For Kate and all the other mothers like her, I offer these words …

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From the St. Paul Pioneer Press Opinion Page, February 2, 2020

It was about this time, 26 years ago, that my toddler stopped talking and started moving at the speed of sound. It was the beginning of an unexpected journey marked by an unexpected discovery, shortly after his second birthday.

I laid awake at night, wondering what life would be like for a person with autism.

Would he ever speak again?

Would he always live at home?

Would he ever drive a car?

Would he ever work?

Trained as a journalist and a lawyer, I relentlessly plied the parade of professionals who entered our lives with questions.

Yet, I got few answers that helped me to replace the picture of the life I’d imagined for him with a new picture of the life he would live.

I left my position at an international law firm and set about doing whatever I could to ensure he lives his best life. It’s a lofty goal at times, one that requires nearly daily advocacy in one form or another.

Recently, I had a conversation with a young mom who also became an unexpected caregiver and advocate.

In Kate I see my younger self — fearful, lonely, and overwhelmed by the reality that her son has significant needs that will last his lifetime.

She has many questions and few answers.

Will his older brother be able (and willing) to manage the responsibility for a sibling who is completely dependent upon others?

Should she have a third child to share the caregiving duties when she and her husband have passed on?

I’ve been paid to ask difficult questions. But Kate works in a service industry. English is her second language, Minnesota her second home.

Navigating not only the medical world, but also a complex and cumbersome bureaucracy, is overwhelming for me. I can’t imagine how difficult it is for her.

So, for Kate and all the other mothers like her, I offer these words.

Buckle up. This will be a bumpy ride, filled with highs, lows, potholes as rough as a St. Paul boulevard — and occasionally, smooth interludes.

You’ll be forced to navigate a complicated and inefficient system to acquire and maintain the supports your son will need.

At times it may feel like you are in the land of Oz. Some stranger behind an invisible curtain will make decisions that impact your son and your family. How much funding will he receive? Who will work with him?

Staffing is an ongoing challenge. So, strangers will come in and out of your home and your life. While they may feel overworked and underpaid, they will be your lifeline. Let them know they make a difference.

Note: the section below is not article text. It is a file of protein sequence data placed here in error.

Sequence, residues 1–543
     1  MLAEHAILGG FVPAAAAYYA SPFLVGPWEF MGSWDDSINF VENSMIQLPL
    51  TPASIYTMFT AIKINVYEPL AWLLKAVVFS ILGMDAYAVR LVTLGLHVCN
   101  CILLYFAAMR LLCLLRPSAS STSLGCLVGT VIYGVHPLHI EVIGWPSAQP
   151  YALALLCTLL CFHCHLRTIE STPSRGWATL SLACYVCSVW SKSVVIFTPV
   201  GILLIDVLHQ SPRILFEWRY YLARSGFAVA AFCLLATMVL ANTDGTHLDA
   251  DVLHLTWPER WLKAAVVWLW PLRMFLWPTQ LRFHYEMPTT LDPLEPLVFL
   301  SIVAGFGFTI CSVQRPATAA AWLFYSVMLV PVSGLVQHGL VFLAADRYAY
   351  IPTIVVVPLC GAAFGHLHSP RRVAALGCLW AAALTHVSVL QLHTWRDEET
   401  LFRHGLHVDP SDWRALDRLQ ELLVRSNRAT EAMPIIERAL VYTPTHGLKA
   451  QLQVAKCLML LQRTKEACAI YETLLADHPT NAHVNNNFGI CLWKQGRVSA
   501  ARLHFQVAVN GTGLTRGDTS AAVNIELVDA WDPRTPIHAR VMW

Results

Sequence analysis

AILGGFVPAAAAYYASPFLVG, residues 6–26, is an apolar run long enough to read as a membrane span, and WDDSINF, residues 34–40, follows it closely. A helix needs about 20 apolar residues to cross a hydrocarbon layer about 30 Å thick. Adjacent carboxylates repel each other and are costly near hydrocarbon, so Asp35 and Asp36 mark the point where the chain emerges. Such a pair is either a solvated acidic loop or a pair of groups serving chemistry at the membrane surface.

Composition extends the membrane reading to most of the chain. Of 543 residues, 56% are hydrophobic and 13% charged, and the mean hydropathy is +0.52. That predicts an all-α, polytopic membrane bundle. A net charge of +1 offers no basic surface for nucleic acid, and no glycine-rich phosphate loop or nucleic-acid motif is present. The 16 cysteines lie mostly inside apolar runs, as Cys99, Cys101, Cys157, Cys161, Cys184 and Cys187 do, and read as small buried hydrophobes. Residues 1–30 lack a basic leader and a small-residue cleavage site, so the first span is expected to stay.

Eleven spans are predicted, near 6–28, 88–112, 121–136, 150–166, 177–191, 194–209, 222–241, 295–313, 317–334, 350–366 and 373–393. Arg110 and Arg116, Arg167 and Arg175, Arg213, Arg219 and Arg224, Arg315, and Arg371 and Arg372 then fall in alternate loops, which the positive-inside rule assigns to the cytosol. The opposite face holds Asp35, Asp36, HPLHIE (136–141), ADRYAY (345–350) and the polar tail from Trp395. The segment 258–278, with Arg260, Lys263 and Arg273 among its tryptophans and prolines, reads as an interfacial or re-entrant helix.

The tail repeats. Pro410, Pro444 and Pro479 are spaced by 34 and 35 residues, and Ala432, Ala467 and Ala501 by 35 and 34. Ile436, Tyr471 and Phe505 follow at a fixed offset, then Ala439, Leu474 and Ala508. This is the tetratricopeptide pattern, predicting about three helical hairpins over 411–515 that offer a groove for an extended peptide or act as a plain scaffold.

Be prepared to sit through endless meetings and sign off on countless educational and service plans without a clear picture of how (or if) they will ever be implemented.

Be respectful but be persistent. Be your son’s voice. Be the mama bear I know you are.

Expect to be frustrated and fatigued.

And expect to be relieved. Just when you can’t imagine how you will carry on, an amazing person will enter your son’s life – and yours. These people have been my son’s teachers, coaches, personal care attendants and therapists.

Eventually, they will move on, leaving a big void – until the next amazing person appears.

Find a kindred spirit who can nod with true understanding and offer the right words to give you the fortitude to power on.

Embrace unexpected joy. The child who knows you are his everything will love you with all his heart.

Nurture yourself. Make time for something you love, that makes your heavy heart feel lighter.

Nurture your other relationships. Your husband and other family members need you, too.

If people offer help, accept it, with gratitude and grace.

After more than two decades on this unexpected journey, I’ve reluctantly recalibrated.

Answers that were opaque in the ‘90s are translucent today.

My son does speak. He frequently offers useful insight into how his mind works and what his autism means to him.

He lives in his own home, with support from paid staff.

The only vehicle he will ever drive is the little orange and yellow Cozy Coupe he tooled around in as a toddler.

Thanks to his job coach, he is cautiously optimistic about being hired for a new job. It will offer a paycheck and a purpose, which he craves. While it’s not the job I would have envisioned years ago, it’s perfect for him today.

That picture I had in my mind of him rocking the college experience, finding a great partner and giving me adorable grandkids is framed in another mother’s home.

But I’ve made my peace with it.

Parenting a child with autism took me in an unexpected direction. It’s been depleting, to be sure.

But it’s also been fulfilling. I know I’ve had a profound impact on the life of someone I adore, for he’s told me so.

Last summer, when I was filled with frustration and despair, he told me he knows how much I do for him and that he can test my patience. Then he looked at me with imploring eyes and said, “Mom, please don’t give up on me.”


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